By David E. Inabinett
On January 1, 2013, Congress and President Obama passed the American Taxpayer Relief Act which, among other things, increased the individual estate tax exemption to $5.25 million per person ($10.5 million per married couple), and provided portability such that it no longer matters how assets are titled between spouses in order to claim the full $10.5 million exemption amount. So if your estate does not exceed $10.5 million and you are married, why not have what everyone wants, a “simple will,” leaving everything to your spouse, then to your children – quick, cheap, easy, end of story?
Well, such a basic estate plan could work to accomplish your goals, so long as several key items line up. First, the surviving spouse may claim the full $10.5 million exemption so long as a Form 706 federal estate tax return is filed upon the first spouse’s death. Without that key filing requirement made within 9 months of that first spouse’s death, the deceased spouse’s $5.25 million exemption is lost. Next, even if the Form 706 is timely filed, portability is preserved only so long as that surviving spouse does not remarry. Upon remarriage, portability of the entire $10.5 million exemption is also lost. Finally, though not likely, it is possible Congress could lower the estate tax thresholds in the future or even repeal portability. This would make the inclusion of a trust – at least one which could be funded upon the surviving spouse’s “disclaimer” or giving up of the deceased spouse’s estate within 9 months of his/ her date of death – critical to adjust a potentially taxable estate left for that surviving spouse.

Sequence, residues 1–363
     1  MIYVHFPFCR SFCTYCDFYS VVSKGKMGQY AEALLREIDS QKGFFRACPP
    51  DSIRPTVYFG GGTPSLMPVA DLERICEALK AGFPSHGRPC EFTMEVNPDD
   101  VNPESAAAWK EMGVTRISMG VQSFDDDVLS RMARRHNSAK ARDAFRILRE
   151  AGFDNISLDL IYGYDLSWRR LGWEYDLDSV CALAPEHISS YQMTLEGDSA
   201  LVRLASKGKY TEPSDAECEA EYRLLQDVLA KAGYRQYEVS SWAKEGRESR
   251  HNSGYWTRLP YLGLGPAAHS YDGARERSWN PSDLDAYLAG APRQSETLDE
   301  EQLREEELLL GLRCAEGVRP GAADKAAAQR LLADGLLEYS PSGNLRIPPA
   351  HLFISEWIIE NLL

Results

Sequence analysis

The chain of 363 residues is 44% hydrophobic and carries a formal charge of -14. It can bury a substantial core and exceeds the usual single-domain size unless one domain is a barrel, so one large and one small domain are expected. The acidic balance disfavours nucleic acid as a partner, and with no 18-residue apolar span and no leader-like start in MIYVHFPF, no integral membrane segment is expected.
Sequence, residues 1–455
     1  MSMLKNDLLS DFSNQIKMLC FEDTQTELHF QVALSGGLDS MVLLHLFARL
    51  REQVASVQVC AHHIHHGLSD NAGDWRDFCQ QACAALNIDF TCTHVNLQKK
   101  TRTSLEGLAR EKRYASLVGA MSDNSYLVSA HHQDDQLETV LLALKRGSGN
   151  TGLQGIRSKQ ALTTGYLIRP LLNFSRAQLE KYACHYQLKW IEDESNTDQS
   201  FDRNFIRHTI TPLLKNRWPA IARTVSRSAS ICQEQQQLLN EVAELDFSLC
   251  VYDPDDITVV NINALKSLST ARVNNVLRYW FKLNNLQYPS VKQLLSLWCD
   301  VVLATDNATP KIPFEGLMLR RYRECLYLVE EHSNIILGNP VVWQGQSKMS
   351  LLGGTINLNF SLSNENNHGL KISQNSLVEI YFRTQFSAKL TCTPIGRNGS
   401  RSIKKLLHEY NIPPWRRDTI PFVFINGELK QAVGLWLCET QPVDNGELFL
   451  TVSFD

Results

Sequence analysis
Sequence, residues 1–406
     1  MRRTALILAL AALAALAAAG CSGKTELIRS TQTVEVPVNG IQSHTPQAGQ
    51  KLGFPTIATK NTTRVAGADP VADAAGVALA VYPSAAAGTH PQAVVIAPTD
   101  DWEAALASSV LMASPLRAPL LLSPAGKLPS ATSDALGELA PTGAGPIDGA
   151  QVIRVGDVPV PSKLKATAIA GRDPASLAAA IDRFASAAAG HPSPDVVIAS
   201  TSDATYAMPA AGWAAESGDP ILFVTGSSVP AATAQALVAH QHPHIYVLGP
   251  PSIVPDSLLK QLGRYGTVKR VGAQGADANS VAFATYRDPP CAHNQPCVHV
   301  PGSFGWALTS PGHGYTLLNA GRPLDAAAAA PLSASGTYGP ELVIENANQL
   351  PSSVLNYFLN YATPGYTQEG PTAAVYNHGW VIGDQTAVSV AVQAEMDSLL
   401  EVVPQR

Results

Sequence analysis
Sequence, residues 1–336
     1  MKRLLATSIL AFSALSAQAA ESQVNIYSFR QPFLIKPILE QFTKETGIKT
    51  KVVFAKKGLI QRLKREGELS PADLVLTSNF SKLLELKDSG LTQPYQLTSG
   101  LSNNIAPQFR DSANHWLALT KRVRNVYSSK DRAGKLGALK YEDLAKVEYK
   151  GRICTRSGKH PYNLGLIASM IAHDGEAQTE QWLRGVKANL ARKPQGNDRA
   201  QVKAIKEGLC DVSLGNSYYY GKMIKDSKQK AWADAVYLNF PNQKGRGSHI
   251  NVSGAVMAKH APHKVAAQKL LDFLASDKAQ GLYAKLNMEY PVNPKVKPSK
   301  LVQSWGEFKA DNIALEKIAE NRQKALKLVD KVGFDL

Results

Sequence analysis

So, are there other considerations aside from estate taxes that affect ones decision to use a trust for estate planning purposes? Under a simple will leaving all assets outright to a surviving spouse, should that surviving spouse re-marry and not enter into a pre-nuptial agreement, certain rights of the second spouse would attach and entitle that second or successive spouse to a portion of your estate. Additionally, a surviving spouse who inherits the entire combined estate has every right to change his/her mind and leave the combined estate to whomever he/ she wishes upon their later death, even if that includes individuals or charities not contemplated by the deceased spouse’s plan. It would not be outside the realm of possibility that children of the first marriage could be disinherited or charities which were important to the couple while married are left out following the first spouse’s death. A surviving spouse may not be as savvy handling money and could potentially squander what was left outright to him/her leaving insufficient funds to provide for their care. Lastly, any assets left outright to a surviving spouse would be subject to complete spend down before Medicaid might be an option to pay for long-term nursing care, whereas monies left in trust for a surviving spouse would typically not be subject to required spend down before Medicaid eligibility was an option.
Remarriage, incapacity, nursing home needs, and possible loss of estate tax portability…Hmm, maybe a trust ain’t such a bad idea after all!